There has been considerable debate about banning ransomware payments as a means of curbing the explosive growth of the crime, something that US government officials have even previously discussed. The assistant director of the FBI’s cyber division weighed in at a Congressional hearing, coming out against the ban and suggesting that it would create a second avenue of extortion for criminals to exploit; companies that paid up in spite of the law could then be held to ransom by anyone aware of the payment.
FBI takes a stance in debate over ransomware payments
The argument in favor of banning ransomware payments is essentially rooted in a belief that the average organization is simply never going to keep pace with threat actors in the cybersecurity landscape, and that the only way the explosive problem (currently about a $350 million global industry) is going to be contained is if the funding is cut off.
Of course, passing a law doesn’t mean that organizations will obey it. That is especially true if the only record of it is a cryptocurrency transaction that is very difficult to track, as most ransomware payments are. FBI cyber division assistant director Bryan Vorndran told a Senate Judiciary Committee hearing that organizations could be expected to continue to make ransomware payments anyway in the hopes of quickly resolving the issue, and be left even more vulnerable with an added possibility of blackmail and by cutting themselves off from federal assistance that might be able to track and “claw back” a good deal of the money.
Organizations frequently choose to make ransomware payments due to a variety of factors. One is simple expedience; even if the organization has adequate backups, they may find it much less disruptive to simply have their systems unlocked. Another is the growing trend of data exfiltration and extortion as a component of ransomware attacks, something that was very seldom seen prior to the past two years. A number of the biggest ransomware gangs now not only lock target systems, but steal sensitive internal information and threaten to dump it to the public via dark web sites and blogs. Some are so ill equipped to afford downtime (such as hospitals) that they are left with virtually no other strategy for dealing with the threat of ransomware.
Ban of ransomware payments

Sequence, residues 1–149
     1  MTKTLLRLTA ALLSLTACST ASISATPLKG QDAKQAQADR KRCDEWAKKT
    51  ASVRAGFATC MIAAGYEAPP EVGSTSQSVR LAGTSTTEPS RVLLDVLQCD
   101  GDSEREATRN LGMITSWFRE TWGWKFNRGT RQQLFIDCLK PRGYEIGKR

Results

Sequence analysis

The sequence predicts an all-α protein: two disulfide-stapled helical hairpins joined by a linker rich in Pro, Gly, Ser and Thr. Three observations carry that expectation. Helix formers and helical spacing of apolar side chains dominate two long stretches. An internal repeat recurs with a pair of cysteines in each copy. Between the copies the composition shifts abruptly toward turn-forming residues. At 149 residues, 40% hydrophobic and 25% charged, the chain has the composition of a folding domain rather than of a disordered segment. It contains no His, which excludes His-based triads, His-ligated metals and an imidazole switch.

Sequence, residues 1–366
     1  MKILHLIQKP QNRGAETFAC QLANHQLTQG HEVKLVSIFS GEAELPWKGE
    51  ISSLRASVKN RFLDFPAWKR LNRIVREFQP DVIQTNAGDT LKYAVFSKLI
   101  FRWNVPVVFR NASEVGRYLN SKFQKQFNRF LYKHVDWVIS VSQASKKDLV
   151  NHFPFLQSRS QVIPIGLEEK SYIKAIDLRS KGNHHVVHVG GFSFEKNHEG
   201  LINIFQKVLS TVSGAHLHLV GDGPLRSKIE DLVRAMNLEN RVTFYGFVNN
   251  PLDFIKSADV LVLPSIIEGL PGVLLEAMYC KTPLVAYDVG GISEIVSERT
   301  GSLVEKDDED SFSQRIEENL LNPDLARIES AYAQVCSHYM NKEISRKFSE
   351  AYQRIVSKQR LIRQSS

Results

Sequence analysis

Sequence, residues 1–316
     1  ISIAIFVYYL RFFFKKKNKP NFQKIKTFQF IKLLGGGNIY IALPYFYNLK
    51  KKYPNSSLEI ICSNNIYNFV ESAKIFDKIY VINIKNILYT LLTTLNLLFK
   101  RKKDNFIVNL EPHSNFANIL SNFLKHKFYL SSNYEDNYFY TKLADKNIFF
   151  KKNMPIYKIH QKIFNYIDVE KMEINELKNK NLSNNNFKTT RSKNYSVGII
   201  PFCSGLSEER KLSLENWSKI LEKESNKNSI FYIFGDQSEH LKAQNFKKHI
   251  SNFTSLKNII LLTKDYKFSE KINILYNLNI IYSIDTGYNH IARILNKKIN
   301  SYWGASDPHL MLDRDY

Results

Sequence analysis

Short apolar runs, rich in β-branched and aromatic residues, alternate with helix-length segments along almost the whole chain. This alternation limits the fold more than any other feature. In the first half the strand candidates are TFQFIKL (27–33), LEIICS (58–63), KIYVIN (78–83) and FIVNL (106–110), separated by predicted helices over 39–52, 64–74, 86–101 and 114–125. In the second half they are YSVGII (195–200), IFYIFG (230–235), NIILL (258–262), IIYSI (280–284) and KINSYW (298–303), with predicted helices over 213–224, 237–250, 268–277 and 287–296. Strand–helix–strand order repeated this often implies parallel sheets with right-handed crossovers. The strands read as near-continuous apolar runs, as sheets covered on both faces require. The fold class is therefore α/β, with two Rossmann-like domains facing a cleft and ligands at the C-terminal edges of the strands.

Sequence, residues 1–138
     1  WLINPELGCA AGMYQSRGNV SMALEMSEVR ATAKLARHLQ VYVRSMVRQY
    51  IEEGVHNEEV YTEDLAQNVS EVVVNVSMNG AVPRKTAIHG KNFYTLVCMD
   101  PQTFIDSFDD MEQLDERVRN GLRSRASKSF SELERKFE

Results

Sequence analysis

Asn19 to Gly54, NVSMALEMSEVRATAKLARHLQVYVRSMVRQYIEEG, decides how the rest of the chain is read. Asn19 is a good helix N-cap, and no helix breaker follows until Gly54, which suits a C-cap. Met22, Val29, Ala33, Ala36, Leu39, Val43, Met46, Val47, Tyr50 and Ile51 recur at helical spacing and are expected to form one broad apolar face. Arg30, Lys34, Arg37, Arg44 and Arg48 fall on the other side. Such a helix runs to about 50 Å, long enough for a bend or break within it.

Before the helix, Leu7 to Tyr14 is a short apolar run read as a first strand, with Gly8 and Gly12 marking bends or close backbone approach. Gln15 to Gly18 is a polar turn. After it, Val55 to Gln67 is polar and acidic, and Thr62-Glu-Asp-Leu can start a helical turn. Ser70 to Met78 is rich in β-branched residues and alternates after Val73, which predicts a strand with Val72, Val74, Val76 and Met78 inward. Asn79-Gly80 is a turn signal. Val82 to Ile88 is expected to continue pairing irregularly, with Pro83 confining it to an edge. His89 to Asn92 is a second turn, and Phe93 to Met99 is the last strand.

There have been some high-level discussions about banning ransomware payments in the US, but the government has tended to send signals that the idea is not in favor at the moment. The one concrete move made at the federal level has been to forbid ransomware payments made to entities under sanction, under threat of a fine. Colonial Pipeline appears to have done legal research into a potential violation of this rule before choosing to make a $4.4 million payment to the DarkSide hacking group to resolve its infamous situation.
Congress is holding hearings on the ransomware payments issue in the wake of an April report by the Institute for Security and Technology that did not come down on one side or the other firmly. The ransomware task force’s report suggested that the “ecosystem is not ready” at present for a ban on ransomware payments, but did not rule out the possibility of doing it in the future.
The Transportation Security Administration (TSA), which has direct authority over a number of critical infrastructure elements such as movement of gas and chemicals, has not taken an official position on the issue. However, in a recent interview with CNN, TSA administrator David Pekoske appeared to oppose banning ransomware payments saying that it should be an individual “business and security decision” supported by assistance from the government.
Vorndran noted the fairly recent development of stealing sensitive files and blackmailing companies with them as an example of the adaptability and innovation of ransomware gangs, which may very well find another tactic to compel targets with if pressure was turned up on them. He said that 25% to 35% of ransomware incidents are already not being reported to authorities, with that number likely to increase if ransomware payments were made illegal.
A new bill will, if passed, require federal contractors and companies in areas that potentially impact national security to report ransomware attacks to federal agencies within 24 hours. Some in government want to see a similar rule expanded to all the nation’s companies, a measure that Vorndran expressed support for (in the case of ransomware or severe data breaches).
While such legislation could clear a path toward outlawing ransomware payments, Roger Grimes (data driven defense evangelist at KnowBe4) thinks that a ban cannot ever be effective unless it was willingly supported by all the entities it covers: “It is a really tough call, and if we could get the entire world to truly not pay any ransom ever, ransomware would be gone in a week. But there are always going to be those who skirt the rules, just enough so that ransomware gangs will keep encrypting, exfiltrating and extorting. And the people who play by the rules will simply be hurt more than all the entities that do not. If you outlaw ransom paying, you will immediately explode the amount of “ransomware recovery” firms that claim they do not pay the ransom, but secretly do. There will be a whole lot of firms that claim AI or quantum computers or their own internal crypto experts allowed them to recover the encryption keys. You will have firms paying out of foreign-located entities. And you will have a lot more firms that simply do not get law enforcement involved, pay the ransom and never report it. You will be turning otherwise law abiding firms into unwanted criminals. So, I really get what people calling for a ban on paying the ransom are trying to do…but it is only going to work in a perfect world … one that we do not have.”